General release of claims does not bar unaccrued ERISA whipsaw calculation claims

A class action suit regarding a pension plan’s failure to utilize a “whipsaw” formula properly was not barred by the employees’ agreement to a general release of claims in exchange for severance, the U.S. Court of Appeals in Cincinnati (CA-6) has held. The whipsaw claims had not accrued at the time of the execution of the severance agreements and the releases made no mention of future ERISA claims.

Prior litigation

The 92 former employees included in the class had originally been part of the class whose claims were resolved in West v. AK Steel Corp. Retirement Accumulation Plan but they were excluded from participation in the West class due to their execution of severance agreements that included a general waiver of all claims.

In West, the Sixth Circuit held the plan failed to utilize the plan’s whipsaw formula to properly calculate lump sum payments. The West plaintiffs were awarded over $37 million in additional benefits and over $9 million in pre-judgment interest.

The 92 employees filed suit in district court to recover benefits similar to those awarded to the West employees. The district court certified their class action and awarded them additional benefits similar to those awarded under West, except that it used the current interest rate of 0.12% to calculate pre-judgment interest, rather than the 4.7% rate used by the West court. Both sides appealed.

Procedural issues

The appellate court first determined that the employees’ suit was not barred by the statute of limitations. A federal four-year limitations period was not applicable because the class’s claim did not arise under a post-1990 new federal law or an amendment to an existing one. Under the applicable state law six-year limitations period, the class’s action was timely.

In addition, the district court did not abuse its discretion when it certified the class. The determination of the scope and validity of the severance agreements signed by the members of the class did not require an individualized review of each of the agreements.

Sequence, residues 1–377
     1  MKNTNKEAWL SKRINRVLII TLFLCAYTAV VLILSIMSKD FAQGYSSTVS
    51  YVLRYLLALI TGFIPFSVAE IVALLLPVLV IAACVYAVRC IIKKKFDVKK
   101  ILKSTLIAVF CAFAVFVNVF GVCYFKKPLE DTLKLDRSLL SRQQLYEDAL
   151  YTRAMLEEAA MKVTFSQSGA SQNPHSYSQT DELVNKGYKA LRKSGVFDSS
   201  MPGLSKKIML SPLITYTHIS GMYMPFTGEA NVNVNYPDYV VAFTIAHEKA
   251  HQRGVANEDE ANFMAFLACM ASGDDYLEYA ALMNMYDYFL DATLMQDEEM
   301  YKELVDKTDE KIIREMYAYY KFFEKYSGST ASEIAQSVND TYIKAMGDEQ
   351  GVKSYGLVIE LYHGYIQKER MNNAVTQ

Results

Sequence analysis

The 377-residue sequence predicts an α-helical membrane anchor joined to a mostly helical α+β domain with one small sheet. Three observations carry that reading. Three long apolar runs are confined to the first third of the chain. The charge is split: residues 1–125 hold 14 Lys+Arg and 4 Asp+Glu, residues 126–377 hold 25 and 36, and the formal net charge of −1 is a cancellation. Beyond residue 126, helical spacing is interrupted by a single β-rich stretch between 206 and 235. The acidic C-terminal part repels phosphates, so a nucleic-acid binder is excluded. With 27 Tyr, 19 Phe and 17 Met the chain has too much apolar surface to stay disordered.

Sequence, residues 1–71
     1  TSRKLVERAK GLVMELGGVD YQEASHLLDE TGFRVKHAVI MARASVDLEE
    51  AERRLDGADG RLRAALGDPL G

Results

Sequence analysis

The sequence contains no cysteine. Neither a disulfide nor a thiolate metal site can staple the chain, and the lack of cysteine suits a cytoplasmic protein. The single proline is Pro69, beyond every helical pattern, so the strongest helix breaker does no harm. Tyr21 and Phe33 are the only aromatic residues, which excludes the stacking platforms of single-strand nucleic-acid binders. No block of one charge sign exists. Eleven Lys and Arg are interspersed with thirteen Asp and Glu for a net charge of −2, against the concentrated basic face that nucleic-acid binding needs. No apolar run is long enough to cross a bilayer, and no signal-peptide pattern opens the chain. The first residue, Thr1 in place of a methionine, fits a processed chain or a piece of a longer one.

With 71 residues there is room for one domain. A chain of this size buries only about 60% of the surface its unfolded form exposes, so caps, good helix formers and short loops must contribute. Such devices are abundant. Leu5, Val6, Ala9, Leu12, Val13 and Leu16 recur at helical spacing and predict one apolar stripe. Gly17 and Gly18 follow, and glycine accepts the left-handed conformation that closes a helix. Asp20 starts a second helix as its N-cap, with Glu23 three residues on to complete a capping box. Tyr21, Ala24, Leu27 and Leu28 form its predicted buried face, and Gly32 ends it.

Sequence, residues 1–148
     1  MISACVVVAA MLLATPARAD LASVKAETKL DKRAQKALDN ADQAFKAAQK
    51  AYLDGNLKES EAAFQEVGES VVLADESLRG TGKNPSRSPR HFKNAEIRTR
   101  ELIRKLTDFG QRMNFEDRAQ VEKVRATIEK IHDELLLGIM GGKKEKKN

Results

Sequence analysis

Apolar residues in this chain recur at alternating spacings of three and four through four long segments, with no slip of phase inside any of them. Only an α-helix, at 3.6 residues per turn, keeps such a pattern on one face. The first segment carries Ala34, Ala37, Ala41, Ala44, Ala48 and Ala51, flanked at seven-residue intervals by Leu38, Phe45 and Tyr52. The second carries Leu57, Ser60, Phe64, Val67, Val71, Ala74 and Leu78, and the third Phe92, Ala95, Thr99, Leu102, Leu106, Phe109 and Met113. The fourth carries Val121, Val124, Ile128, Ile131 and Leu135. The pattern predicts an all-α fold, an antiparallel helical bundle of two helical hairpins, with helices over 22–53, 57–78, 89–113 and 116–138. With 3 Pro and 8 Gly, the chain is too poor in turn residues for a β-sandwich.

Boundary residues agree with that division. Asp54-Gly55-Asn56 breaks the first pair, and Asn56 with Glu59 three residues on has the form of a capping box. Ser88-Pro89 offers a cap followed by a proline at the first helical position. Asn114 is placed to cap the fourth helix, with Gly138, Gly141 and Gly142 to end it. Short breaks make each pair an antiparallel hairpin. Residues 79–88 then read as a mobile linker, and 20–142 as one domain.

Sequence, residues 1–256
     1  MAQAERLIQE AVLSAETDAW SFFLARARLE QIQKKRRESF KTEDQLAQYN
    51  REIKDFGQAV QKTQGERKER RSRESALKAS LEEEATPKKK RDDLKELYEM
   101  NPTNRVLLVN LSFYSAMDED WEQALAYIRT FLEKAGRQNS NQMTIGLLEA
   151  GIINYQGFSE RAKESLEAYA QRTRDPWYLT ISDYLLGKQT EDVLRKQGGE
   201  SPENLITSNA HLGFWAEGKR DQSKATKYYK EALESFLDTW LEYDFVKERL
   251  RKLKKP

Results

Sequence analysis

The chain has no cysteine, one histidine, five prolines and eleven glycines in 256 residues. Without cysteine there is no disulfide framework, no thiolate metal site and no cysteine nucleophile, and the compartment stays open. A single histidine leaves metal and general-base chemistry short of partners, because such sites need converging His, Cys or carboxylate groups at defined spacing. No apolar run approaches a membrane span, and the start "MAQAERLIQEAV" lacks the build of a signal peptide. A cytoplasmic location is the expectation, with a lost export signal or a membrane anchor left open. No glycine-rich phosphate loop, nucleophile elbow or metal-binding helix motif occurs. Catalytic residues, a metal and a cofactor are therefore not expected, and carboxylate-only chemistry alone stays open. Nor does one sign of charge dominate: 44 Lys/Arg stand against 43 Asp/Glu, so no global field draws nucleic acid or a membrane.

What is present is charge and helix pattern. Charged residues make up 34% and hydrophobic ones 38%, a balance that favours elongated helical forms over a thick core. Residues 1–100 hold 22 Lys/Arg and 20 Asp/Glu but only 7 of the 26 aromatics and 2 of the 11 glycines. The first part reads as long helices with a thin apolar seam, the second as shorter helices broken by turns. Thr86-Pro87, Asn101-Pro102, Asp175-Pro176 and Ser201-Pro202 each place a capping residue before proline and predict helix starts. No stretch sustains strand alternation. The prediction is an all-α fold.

Claims waivers

The plan argued the district court erred in awarding benefits to the employees because they had waived their rights to the benefits when they signed the general waivers in exchange for severance.

The appellate court upheld the lower court’s ruling that the text of the waivers did not release future ERISA claims. The employees’ claims regarding the whipsaw violation had not accrued as of the dates the waivers were signed. In precedents where the release of future ERISA claims was upheld, the releases contained explicit references to ERISA, which was not the case in the releases at issue.

Pre-judgment interest

The district court abused its discretion when it “mechanically” applied the current statutory rate of 0.12% to determine the award of pre-judgment interest to the employees. District courts may award pre-judgment interest in accordance with general equitable principles. While it can be permissible to use the current statutory rate, in this case, given the much higher rate used to determine the award for the West class, use of the 0.12% rate would essentially reward the employer and the plan for their wrongdoing. Thus on remand the district court must re-calculate the interest award.

Source: Schumacher v. AK Steel Corporation Retirement Accumulation Pension Plan (CA-6).

For more information on this and related topics, consult the CCH Pension Plan Guide, CCH Employee Benefits Management, and Spencer’s Benefits Reports.

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